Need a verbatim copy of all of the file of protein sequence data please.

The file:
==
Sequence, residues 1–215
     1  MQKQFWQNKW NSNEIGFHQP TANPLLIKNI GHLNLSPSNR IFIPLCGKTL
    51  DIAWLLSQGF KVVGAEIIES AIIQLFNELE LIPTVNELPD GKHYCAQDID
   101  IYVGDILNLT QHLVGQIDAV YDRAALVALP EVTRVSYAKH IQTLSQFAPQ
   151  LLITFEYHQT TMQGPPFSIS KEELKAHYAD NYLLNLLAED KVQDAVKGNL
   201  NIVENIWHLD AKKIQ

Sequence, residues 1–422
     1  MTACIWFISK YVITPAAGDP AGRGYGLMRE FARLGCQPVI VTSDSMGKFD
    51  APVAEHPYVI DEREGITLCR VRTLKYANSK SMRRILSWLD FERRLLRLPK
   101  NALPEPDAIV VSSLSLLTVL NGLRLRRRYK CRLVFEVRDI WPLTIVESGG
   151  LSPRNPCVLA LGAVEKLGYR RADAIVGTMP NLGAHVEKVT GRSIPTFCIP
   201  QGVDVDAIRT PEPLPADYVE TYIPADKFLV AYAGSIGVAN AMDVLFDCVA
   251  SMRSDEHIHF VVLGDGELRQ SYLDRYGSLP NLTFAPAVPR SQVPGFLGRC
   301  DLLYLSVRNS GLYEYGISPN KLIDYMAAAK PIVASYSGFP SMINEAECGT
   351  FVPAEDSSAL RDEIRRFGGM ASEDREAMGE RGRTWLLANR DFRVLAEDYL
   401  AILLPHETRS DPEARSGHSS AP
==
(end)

Sequence, residues 1–215
     1  MQKQFWQNKW NSNEIGFHQP TANPLLIKNI GHLNLSPSNR IFIPLCGKTL
    51  DIAWLLSQGF KVVGAEIIES AIIQLFNELE LIPTVNELPD GKHYCAQDID
   101  IYVGDILNLT QHLVGQIDAV YDRAALVALP EVTRVSYAKH IQTLSQFAPQ
   151  LLITFEYHQT TMQGPPFSIS KEELKAHYAD NYLLNLLAED KVQDAVKGNL
   201  NIVENIWHLD AKKIQ

Sequence, residues 1–422
     1  MTACIWFISK YVITPAAGDP AGRGYGLMRE FARLGCQPVI VTSDSMGKFD
    51  APVAEHPYVI DEREGITLCR VRTLKYANSK SMRRILSWLD FERRLLRLPK
   101  NALPEPDAIV VSSLSLLTVL NGLRLRRRYK CRLVFEVRDI WPLTIVESGG
   151  LSPRNPCVLA LGAVEKLGYR RADAIVGTMP NLGAHVEKVT GRSIPTFCIP
   201  QGVDVDAIRT PEPLPADYVE TYIPADKFLV AYAGSIGVAN AMDVLFDCVA
   251  SMRSDEHIHF VVLGDGELRQ SYLDRYGSLP NLTFAPAVPR SQVPGFLGRC
   301  DLLYLSVRNS GLYEYGISPN KLIDYMAAAK PIVASYSGFP SMINEAECGT
   351  FVPAEDSSAL RDEIRRFGGM ASEDREAMGE RGRTWLLANR DFRVLAEDYL
   401  AILLPHETRS DPEARSGHSS AP